Research Project

Julien Rosenbloom

Major: Political Science
Minor: Philosophy, Politics, Economics (PPE)
Faculty Advisor: Professor Katie McCabe

Policy Presentation Theme: Economic and Educational Cooperation and Conflict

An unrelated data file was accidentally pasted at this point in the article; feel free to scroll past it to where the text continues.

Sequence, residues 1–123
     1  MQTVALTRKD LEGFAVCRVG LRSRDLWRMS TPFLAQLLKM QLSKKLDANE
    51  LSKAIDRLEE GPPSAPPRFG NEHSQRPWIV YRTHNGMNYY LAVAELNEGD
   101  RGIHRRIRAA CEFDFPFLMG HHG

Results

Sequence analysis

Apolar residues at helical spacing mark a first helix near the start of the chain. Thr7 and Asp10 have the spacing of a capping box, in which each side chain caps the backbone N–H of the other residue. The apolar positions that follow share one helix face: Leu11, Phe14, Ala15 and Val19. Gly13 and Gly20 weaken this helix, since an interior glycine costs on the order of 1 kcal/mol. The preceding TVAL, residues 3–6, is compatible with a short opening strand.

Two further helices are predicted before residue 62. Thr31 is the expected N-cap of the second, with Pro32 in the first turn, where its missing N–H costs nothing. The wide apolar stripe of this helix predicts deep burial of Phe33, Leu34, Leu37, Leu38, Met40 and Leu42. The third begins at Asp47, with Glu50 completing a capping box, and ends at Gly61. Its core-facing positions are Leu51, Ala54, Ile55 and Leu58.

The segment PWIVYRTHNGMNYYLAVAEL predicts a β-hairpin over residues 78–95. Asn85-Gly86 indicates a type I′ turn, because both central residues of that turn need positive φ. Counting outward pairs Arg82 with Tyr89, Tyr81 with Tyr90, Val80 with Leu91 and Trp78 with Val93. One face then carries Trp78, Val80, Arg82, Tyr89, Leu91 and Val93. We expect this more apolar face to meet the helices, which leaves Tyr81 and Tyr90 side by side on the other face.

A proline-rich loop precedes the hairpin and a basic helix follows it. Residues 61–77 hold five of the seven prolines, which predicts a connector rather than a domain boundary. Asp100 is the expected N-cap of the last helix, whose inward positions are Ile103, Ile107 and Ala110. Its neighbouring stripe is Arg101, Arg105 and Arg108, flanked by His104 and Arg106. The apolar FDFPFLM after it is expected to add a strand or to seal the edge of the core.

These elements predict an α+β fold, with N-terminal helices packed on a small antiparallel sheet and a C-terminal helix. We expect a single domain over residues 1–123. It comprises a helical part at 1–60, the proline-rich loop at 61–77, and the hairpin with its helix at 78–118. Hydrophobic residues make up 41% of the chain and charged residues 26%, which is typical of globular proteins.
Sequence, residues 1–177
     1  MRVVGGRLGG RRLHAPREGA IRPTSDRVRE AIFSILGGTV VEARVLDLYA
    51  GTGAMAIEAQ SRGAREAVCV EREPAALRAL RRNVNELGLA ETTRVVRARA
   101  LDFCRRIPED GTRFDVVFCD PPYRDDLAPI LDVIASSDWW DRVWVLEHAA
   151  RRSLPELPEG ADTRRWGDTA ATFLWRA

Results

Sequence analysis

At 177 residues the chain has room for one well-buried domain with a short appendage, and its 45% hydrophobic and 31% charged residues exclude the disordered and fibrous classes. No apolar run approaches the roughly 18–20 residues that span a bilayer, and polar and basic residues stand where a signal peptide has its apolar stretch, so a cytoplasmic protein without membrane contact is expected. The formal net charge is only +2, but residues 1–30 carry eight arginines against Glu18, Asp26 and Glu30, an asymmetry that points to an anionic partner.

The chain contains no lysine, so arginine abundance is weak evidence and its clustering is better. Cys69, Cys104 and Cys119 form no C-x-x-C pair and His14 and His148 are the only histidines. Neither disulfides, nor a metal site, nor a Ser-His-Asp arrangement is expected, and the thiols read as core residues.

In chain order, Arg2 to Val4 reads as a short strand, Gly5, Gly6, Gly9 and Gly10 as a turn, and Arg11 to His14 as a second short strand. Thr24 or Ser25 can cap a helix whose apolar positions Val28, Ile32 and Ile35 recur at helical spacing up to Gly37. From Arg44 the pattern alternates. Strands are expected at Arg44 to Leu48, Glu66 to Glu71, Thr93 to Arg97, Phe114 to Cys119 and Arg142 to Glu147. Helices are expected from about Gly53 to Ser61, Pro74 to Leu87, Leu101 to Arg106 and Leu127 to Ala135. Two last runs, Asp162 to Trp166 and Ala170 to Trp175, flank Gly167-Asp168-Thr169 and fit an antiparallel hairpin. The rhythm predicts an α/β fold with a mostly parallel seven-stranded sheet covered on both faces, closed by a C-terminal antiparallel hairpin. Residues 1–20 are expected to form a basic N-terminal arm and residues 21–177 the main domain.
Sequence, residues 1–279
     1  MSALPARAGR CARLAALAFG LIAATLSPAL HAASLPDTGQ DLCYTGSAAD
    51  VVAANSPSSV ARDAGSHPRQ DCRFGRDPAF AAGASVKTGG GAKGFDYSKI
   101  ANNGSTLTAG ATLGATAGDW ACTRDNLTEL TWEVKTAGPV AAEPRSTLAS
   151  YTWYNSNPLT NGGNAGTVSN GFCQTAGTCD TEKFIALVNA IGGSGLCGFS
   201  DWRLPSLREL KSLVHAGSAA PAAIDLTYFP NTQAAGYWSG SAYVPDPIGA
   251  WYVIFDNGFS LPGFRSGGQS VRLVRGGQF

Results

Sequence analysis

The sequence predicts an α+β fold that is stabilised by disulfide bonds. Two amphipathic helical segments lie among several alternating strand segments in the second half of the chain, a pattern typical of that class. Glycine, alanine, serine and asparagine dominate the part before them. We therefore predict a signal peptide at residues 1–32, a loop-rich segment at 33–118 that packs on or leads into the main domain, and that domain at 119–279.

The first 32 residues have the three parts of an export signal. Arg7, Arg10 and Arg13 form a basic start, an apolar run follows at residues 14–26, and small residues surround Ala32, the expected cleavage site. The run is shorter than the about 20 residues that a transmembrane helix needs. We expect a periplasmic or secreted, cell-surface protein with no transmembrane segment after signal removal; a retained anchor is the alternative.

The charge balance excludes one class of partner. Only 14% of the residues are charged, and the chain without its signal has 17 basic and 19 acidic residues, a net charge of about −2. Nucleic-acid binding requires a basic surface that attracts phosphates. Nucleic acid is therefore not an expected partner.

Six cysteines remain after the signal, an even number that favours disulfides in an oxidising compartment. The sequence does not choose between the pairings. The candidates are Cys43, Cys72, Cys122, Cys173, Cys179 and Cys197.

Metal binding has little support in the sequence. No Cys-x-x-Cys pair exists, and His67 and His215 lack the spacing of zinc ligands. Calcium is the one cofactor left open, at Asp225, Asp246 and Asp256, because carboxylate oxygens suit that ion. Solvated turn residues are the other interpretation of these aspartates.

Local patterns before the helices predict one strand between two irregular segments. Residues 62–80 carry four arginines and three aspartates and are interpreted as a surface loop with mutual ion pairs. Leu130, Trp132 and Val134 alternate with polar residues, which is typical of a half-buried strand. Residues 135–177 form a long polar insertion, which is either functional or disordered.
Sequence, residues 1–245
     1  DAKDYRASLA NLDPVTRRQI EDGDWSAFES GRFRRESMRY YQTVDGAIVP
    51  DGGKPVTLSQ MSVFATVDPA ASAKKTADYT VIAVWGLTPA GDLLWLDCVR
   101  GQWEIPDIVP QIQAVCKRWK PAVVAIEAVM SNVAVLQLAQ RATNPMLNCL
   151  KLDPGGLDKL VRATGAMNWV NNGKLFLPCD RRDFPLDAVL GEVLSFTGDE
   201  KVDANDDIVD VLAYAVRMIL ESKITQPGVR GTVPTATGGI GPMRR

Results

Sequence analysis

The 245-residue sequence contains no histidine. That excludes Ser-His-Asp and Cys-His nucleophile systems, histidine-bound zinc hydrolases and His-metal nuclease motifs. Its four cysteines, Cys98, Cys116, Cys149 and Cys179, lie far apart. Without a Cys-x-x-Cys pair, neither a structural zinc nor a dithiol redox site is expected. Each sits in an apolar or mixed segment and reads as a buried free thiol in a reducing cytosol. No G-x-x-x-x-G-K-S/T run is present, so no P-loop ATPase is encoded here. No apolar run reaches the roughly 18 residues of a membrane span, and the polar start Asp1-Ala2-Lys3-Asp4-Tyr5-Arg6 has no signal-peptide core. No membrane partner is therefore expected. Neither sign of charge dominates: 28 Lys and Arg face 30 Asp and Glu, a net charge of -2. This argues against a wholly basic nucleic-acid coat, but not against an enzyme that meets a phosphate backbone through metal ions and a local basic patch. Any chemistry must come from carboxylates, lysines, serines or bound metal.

Public opinion research has long attempted to explain changes in attitudes toward immigrants based on external economic events and respondent characteristics, such as race, ethnicity, income, age, education, and others. Broadly speaking, the results of such studies have shown increased hostility toward immigrants after economic crises, with low-income and white respondents in the United States exhibiting the strongest increases and overall hostilities toward immigrants. Building off of research that examines the attitudes toward immigrants after the Great Recession, I sought to understand the extent to which white Americans displayed increased hostility toward immigrants on interpersonal and community levels in 2006 and 2011 using panel survey data from the World Values Survey. The results of my study show that while there was little change in interpersonal attitudes between 2006 and 2011, hostility toward immigrants in a labor market context actually decreases categorically among respondents, including white and low-income Americans. I conclude by discussing possible explanations for this trend and considering implications for current events.